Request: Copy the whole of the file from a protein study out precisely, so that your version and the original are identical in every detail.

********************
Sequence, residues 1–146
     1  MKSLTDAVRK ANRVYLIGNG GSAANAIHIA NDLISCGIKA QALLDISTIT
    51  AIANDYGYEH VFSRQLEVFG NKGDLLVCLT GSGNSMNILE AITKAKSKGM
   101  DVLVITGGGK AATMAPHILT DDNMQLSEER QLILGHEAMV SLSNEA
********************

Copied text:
Sequence, residues 1–146
     1  MKSLTDAVRK ANRVYLIGNG GSAANAIHIA NDLISCGIKA QALLDISTIT
    51  AIANDYGYEH VFSRQLEVFG NKGDLLVCLT GSGNSMNILE AITKAKSKGM
   101  DVLVITGGGK AATMAPHILT DDNMQLSEER QLILGHEAMV SLSNEA